i got one of those cinelli 1R stems , I'm using a 0.4mm undersize Nitto 26.0handle bar in it .
20 years its been OK.. but Im a old slow guy now , never a hard rider..
The one on my main road bike was great for almost 30 years. Then one day, boom, handlebars free to rotate. Fortunately I still had steering and rode it out. Actually rode 2 miles home. Holding the bars at the neutral axis of rotation. Even before that I could never stop that stem from creaking.
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Old 01-17-13, 03:47 PM
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For posterity sake here's another photo of that clamp -



Yeah, I figured I'd pick it up - my size, a little different and a nice price. Seems to clamp ok, I guess we'll see how well that lasts.

Some other shots of the frame as a whole for anyone curious -





Not great photos, i'll have better in the correct forums at some point. But the interesting parts - the center sections of the down tube and seat tube are tear drop shaped (not simply flattened), as are sections of the seat stays and the fork. Also the seat tube is crimped to aid removal of the rear wheel. No idea what the tubing is, but it's a bit different.
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Old 01-17-13, 05:44 PM
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thanks for the pictures, that's a nice bike. My track frame has 2 seat post bolts -- builder really, really didn't want that seatpost to slip. Don't know if I ever knew who built it, but I certainly don't know now.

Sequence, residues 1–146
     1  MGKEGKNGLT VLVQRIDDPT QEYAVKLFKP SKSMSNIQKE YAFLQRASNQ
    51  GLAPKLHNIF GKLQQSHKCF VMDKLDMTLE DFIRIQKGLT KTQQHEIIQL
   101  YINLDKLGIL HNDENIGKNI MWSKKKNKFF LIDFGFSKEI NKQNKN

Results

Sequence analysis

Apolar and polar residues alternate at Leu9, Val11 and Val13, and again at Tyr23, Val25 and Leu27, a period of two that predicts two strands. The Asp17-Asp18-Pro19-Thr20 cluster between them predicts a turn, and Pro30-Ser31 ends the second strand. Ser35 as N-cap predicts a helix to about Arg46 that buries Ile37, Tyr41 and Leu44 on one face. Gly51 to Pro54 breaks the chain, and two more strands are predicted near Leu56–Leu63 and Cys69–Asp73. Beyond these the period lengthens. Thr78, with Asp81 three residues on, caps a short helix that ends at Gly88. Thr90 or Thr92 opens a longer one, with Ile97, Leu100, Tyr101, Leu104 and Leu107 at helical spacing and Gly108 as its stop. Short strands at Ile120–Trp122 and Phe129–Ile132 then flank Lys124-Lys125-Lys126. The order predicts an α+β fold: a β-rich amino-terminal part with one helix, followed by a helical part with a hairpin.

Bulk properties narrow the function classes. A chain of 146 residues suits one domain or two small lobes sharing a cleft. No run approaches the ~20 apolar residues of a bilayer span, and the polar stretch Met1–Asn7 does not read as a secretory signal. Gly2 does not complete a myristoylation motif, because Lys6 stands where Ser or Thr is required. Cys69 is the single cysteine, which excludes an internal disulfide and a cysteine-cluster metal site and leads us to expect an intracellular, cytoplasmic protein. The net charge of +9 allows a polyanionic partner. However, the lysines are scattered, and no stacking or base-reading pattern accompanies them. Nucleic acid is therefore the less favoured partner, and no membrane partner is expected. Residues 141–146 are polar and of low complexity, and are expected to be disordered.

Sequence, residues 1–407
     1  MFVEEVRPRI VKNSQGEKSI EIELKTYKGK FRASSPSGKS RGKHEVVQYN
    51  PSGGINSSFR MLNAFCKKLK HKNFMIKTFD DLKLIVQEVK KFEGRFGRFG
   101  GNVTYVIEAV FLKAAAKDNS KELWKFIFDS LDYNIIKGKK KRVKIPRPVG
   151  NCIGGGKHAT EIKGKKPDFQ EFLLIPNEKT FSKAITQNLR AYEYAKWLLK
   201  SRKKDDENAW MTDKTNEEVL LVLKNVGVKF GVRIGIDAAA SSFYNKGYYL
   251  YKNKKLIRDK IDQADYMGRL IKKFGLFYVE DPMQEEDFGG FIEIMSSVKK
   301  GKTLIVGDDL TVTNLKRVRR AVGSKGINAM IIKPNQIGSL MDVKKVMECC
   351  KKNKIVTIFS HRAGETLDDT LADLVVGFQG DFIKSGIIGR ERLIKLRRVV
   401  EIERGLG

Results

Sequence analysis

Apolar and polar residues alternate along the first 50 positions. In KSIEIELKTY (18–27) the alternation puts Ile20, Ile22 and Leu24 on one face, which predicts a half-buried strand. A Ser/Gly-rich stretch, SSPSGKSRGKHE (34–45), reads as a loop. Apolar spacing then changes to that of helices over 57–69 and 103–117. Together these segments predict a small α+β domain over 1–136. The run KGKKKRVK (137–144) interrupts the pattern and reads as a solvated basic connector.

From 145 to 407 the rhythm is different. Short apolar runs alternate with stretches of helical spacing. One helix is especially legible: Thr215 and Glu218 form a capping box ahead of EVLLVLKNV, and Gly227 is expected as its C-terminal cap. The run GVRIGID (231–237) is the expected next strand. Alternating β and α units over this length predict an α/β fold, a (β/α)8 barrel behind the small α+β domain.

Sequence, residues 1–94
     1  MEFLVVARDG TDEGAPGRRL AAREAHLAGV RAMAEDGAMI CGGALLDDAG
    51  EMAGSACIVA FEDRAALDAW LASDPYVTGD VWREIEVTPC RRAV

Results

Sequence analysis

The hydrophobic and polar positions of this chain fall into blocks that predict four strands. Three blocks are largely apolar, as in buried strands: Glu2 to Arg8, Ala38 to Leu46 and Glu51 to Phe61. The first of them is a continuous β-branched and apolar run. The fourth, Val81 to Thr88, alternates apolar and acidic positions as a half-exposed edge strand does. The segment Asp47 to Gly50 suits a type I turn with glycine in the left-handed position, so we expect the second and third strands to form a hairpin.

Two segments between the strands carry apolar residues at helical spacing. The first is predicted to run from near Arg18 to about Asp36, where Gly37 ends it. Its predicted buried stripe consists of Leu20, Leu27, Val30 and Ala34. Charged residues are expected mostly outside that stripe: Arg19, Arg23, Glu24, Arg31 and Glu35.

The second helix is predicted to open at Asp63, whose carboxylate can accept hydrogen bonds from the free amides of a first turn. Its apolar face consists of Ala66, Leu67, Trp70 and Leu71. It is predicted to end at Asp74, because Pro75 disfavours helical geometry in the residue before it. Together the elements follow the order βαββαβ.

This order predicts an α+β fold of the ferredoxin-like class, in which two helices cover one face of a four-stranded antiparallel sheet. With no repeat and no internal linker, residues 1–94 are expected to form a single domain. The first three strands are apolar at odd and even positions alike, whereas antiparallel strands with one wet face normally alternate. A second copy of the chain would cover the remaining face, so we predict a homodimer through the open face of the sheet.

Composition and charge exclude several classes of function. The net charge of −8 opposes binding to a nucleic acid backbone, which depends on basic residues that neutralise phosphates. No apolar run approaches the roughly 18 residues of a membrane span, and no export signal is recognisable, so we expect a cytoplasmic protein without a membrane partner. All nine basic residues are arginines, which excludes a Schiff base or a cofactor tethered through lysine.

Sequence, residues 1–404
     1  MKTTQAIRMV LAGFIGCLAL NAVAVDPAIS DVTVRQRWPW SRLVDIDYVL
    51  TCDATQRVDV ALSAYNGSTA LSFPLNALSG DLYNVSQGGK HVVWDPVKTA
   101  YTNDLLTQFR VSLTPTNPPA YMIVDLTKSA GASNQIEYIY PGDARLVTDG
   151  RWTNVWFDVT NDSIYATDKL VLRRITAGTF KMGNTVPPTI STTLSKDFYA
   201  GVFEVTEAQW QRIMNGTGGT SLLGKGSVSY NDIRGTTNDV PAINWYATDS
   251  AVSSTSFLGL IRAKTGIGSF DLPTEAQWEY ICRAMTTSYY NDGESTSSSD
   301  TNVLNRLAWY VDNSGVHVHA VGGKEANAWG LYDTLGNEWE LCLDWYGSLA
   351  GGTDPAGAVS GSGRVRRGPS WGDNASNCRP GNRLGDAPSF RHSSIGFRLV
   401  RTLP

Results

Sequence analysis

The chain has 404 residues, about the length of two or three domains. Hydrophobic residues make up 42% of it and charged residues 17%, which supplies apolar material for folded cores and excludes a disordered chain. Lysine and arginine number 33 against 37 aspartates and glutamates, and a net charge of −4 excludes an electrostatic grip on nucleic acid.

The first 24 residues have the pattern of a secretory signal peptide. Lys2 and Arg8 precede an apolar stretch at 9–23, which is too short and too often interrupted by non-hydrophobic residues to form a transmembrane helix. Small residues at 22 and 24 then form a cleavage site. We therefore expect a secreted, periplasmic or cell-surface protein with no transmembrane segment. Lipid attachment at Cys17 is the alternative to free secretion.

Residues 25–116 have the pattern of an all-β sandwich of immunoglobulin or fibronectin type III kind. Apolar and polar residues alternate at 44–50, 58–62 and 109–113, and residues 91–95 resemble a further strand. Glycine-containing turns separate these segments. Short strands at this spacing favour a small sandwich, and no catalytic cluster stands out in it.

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Old 01-17-13, 05:55 PM
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That is an interesting bike. A lot depends on the engineering and execution on the seat post clamp. There is a ratio, not unlike a gear ratio that exists in such a mechanism. If it was done right and you use a post that can take the force and apply the right amount of torque it can work fine but it is an added level of unnecessary complication. So much is dependent on the skill of the designer and fabricator with a design like this.

I like forming tubes myself for the (tig welded) frames I sell. However, I am not partial to shaped tubes in lugged frames.
My interest in this bike would be in the builder and his history of his work. I have a frame built by an innovative Parisian builder, Giuseppe Limongi in '74 or so and consider it one of my valued possessions but I am pretty sure no one else cares.

If the price is reasonable I would consider it for my collection. I would not buy it as my main bike.
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Old 01-17-13, 06:26 PM
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RE Cinnelli 1R,
Even before that I could never stop that stem from creaking.
a little Red Loctite worked for Me..

but I mostly climbed without much Upper body workout pulling on the handlebars..
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Old 01-18-13, 03:00 PM
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It might have been an early track frame... from the ST crimp, the close tire clearances front and rear and the minimal clearance between the front tire and the DT... perhaps it is from a era just before the wild and crazy stuff started to appear in the racing frame world.
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Old 06-11-13, 08:31 PM
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Internal workings of clamp

I've been searching high and low for something like this. Do you you still have that bike? Could you take a pic of the internal guts that make it work? This would be most appreciated.

I'd love to get a better understanding on how the wedge system works in there.